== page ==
This invention relates to a non-progressive wall assembly which may be used as a clean room, and in particular to an assembly constructed from a limited number of distinct framing members which may be modified for use in different orientations and with different wall structures.

There is an increasing need for cleaner environments in which laboratory procedures and high technology component production may be undertaken. The configuration and mechanical requirements for such rooms vary widely. To meet the varying requirements, a variety of wall systems may be constructed. Various wall panels are typically used, including a hollow double or utility wall, a full or solid modular wall, and a single or chase wall. A particular wall assembly may include one or more of these systems which are customized for the particular application. As a result, most clean room assemblies are expensive custom made constructions. Besides taking up a large amount of space in an existing room, any later alterations or additions require expensive retrofitting or reconstruction.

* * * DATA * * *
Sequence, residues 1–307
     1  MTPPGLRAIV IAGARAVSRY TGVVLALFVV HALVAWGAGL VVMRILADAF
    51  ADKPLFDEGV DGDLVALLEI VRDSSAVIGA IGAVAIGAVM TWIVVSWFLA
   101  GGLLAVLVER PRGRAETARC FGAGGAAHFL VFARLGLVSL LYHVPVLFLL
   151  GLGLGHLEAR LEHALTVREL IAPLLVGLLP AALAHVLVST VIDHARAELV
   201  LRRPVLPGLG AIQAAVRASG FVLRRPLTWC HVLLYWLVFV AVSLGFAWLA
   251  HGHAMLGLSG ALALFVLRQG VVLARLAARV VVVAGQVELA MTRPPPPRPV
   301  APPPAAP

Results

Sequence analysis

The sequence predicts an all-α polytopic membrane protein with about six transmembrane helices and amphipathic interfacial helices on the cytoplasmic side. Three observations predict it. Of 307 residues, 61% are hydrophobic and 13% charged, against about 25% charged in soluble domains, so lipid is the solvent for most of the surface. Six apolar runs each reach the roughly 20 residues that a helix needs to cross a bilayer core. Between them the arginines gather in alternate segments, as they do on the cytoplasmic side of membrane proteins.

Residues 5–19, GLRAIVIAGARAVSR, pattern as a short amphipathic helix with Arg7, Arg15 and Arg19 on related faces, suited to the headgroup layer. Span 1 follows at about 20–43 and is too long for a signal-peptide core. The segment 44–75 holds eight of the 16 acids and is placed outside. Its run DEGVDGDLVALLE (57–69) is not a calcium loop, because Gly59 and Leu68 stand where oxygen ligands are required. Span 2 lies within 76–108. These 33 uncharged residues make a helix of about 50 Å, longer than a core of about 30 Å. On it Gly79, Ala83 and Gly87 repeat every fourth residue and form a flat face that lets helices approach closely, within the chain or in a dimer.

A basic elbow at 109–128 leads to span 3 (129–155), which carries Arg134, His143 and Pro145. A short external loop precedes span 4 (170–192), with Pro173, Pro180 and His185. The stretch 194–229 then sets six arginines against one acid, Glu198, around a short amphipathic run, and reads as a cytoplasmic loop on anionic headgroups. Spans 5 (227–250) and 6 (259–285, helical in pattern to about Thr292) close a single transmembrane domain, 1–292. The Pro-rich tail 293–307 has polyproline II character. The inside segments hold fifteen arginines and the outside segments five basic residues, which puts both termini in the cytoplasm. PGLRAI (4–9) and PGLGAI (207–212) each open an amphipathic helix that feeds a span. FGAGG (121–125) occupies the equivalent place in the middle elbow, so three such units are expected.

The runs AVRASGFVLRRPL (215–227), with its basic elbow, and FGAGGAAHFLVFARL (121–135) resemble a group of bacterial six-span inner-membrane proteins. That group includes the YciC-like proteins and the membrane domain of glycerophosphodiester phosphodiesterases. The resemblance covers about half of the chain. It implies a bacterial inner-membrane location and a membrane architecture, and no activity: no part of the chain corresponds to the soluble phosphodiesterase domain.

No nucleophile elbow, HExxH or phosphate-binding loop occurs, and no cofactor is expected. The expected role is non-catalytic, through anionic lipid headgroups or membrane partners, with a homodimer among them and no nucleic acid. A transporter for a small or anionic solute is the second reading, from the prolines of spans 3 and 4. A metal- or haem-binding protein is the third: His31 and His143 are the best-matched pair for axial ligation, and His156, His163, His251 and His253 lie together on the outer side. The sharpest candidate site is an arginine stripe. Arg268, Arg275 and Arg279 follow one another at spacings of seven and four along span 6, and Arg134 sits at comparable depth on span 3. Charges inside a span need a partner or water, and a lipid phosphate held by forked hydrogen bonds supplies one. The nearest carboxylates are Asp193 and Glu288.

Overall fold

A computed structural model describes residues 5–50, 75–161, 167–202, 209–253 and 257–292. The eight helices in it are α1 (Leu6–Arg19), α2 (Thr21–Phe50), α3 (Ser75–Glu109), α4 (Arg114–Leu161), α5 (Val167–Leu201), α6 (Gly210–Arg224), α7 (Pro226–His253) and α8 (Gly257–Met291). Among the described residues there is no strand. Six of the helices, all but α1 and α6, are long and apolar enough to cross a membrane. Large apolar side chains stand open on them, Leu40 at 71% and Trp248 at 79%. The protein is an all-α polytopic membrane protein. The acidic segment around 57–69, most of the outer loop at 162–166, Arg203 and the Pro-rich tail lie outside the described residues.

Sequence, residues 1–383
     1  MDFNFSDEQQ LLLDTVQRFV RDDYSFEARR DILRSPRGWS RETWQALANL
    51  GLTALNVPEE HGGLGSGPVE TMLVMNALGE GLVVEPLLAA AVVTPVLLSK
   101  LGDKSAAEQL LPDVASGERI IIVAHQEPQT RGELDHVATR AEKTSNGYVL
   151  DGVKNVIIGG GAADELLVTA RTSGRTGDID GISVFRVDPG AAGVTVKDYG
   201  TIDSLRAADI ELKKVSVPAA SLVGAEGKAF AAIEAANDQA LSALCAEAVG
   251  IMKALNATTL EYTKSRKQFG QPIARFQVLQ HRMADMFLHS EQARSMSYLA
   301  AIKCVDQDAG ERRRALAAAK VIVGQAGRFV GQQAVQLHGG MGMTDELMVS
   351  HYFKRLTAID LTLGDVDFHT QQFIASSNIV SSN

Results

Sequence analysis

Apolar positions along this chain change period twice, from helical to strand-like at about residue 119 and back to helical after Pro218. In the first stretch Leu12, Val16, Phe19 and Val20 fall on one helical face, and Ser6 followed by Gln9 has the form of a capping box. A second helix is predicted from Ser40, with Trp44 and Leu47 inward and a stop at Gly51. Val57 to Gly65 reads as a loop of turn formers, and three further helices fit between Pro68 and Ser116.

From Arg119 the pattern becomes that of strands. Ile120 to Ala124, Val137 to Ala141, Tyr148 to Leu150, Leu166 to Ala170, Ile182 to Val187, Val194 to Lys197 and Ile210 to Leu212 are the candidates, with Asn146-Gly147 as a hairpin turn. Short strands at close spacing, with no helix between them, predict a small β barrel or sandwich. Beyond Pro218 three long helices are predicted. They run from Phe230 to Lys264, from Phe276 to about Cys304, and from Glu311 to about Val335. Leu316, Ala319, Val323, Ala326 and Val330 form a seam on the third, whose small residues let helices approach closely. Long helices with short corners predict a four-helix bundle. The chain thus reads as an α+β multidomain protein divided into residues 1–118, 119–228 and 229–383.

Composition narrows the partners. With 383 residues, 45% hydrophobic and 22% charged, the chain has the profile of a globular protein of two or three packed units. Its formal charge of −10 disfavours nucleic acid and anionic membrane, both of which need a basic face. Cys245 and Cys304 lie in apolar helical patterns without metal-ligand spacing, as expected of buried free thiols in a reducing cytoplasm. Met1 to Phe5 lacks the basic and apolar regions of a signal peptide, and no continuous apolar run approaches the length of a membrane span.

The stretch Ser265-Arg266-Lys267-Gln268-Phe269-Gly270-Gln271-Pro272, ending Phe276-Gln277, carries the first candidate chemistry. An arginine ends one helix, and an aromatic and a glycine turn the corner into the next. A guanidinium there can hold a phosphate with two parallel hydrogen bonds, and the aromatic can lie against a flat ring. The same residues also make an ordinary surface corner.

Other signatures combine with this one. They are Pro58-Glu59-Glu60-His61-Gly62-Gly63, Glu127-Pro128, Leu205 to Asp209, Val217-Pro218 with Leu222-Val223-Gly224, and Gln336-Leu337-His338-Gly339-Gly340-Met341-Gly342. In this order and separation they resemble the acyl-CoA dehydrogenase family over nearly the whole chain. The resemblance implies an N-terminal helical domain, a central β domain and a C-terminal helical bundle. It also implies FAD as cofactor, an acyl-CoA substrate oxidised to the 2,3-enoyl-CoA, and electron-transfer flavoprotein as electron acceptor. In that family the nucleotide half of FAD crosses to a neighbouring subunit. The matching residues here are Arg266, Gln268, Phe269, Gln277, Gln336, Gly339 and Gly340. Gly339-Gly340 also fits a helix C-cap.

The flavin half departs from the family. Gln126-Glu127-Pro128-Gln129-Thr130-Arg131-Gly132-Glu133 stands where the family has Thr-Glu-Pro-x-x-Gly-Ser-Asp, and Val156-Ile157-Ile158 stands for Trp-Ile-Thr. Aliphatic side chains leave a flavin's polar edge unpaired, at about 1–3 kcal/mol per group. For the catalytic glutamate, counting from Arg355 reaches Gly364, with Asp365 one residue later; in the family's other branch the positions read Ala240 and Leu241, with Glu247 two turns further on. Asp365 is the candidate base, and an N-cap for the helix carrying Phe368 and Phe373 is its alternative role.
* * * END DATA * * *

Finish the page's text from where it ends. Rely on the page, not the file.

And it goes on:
SUMMARY OF THE INVENTION

The present invention discloses a system which facilitates the construction of a wide number of clean room assemblies from a limited variety of framing members. Wall systems which may be made under the present invention are easily tailored to combine double wall, full modular wall, and chase wall panels. The framing members are designed to minimize wasted space. Further, easy access to the interior of each wall assembly is provided, and modifications to the wall systems may be made without expensive reconstruction or retrofitting.